My government is currently working on numerous projects that in the long term will ensure greater wellbeing in Iceland. It is investing significantly in social infrastructure – health care, welfare and education. An ambitious action plan is being implemented to respond to climate change, heading for carbon-neutrality at latest by 2040. The strategy consists of 34 initiatives, ranging from a carbon tax to food security, from wetland recovery projects to a government fund to support climate-friendly technologies and innovation.
While Iceland has adopted renewable energy for electricity and heating, it still lags behind on clean energy for transport. Thus, it has been decided to ban the registrations of new vehicles that are driven by non-renewables by 2030. Effectively, this will lead to the end of imported gasoline and diesel cars in Iceland.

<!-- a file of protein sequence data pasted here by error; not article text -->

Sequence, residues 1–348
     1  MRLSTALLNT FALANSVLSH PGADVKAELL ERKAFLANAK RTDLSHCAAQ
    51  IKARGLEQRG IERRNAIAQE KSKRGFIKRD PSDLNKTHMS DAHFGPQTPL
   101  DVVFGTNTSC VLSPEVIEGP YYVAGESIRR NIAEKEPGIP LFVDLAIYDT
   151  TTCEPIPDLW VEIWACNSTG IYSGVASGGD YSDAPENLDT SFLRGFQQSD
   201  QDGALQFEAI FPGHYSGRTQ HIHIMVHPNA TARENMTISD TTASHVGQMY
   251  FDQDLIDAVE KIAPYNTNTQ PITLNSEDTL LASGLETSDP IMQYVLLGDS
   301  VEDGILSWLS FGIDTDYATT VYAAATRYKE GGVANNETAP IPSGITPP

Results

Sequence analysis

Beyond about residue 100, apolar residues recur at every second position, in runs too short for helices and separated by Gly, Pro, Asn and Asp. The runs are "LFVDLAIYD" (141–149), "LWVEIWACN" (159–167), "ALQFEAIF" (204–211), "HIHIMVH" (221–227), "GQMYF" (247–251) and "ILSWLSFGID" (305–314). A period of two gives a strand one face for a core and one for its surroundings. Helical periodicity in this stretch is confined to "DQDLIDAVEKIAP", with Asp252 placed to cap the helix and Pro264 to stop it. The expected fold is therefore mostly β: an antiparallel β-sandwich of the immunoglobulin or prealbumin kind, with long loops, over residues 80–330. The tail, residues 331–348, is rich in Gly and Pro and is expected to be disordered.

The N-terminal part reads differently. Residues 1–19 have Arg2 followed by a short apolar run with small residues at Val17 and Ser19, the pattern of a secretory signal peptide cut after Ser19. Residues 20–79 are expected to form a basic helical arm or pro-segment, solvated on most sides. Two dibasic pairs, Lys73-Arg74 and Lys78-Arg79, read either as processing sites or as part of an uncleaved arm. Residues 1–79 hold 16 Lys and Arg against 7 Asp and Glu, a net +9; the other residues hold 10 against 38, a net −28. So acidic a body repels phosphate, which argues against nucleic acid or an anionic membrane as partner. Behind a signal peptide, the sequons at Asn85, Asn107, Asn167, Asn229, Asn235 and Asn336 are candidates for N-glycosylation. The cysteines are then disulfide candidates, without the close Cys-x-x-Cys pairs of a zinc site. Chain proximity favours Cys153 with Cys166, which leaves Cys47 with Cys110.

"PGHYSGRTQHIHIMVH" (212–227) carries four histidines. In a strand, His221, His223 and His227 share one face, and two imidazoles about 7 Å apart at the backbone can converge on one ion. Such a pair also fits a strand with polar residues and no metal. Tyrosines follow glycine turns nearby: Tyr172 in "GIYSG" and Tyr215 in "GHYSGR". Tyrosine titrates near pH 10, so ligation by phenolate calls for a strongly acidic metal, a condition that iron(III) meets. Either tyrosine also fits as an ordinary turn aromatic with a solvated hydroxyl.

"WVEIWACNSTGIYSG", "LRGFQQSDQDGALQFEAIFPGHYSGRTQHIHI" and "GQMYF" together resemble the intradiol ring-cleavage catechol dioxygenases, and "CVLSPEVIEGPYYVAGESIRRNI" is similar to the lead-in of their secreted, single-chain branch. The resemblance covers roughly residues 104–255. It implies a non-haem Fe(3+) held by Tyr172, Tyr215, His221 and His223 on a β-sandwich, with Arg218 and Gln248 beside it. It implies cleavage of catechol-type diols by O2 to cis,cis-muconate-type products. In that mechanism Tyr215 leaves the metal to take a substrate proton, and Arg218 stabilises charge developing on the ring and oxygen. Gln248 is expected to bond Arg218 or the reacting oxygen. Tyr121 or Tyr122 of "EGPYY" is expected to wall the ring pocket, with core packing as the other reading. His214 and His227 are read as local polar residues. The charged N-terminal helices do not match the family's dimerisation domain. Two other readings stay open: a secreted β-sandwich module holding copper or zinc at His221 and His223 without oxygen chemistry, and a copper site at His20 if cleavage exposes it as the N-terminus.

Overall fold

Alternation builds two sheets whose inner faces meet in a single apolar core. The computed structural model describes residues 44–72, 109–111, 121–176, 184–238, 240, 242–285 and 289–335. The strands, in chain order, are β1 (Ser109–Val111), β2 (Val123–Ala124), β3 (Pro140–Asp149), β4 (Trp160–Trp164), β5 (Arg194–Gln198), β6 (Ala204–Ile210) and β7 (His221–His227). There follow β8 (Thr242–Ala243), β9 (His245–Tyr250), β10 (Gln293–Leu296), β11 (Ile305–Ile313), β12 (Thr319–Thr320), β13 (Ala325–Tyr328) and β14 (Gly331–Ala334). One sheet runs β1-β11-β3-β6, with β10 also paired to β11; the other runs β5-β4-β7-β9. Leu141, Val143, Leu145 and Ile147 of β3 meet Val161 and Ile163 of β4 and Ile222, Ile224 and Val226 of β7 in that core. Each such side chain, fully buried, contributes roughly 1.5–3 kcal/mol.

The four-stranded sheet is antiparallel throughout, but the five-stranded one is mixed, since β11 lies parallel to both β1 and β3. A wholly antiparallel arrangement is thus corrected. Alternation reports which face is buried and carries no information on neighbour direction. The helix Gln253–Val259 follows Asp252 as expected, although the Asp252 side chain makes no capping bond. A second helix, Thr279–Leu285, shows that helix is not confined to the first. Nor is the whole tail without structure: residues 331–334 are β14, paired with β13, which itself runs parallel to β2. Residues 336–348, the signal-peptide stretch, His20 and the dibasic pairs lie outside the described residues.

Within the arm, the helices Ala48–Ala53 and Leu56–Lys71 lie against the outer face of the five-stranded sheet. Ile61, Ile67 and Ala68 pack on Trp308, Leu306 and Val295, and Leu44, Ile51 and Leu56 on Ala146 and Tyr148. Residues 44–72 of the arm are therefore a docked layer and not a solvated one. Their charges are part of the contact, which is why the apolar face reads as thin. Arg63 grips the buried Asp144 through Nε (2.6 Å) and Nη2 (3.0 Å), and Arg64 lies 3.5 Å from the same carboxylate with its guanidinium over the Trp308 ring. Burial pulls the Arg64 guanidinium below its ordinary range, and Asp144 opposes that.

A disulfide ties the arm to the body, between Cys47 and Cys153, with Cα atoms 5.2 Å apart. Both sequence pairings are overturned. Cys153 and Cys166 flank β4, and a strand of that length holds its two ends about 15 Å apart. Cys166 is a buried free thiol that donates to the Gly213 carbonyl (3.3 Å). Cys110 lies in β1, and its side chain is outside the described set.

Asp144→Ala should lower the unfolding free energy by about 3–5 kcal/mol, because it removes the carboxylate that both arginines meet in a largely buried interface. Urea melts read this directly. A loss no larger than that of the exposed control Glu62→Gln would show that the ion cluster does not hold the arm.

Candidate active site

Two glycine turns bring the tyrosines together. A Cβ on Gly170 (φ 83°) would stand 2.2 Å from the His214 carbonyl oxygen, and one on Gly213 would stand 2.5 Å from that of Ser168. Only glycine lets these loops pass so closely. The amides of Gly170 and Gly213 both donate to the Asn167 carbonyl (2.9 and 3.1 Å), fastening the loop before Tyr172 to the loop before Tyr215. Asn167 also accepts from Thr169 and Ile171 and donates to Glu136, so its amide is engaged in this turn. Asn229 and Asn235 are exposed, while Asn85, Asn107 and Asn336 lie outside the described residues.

My government has developed 39 indicators to track the progress of the wellbeing economy project. The indicators include economic, environmental and social factors and are compatible to other wellbeing indictors published in other countries and by international organisations such as Eurostat and OECD. A wellbeing budget is in the works (as New Zealand has embarked on), utilising the expertise from gender budgeting, which Iceland adopted first in 2010.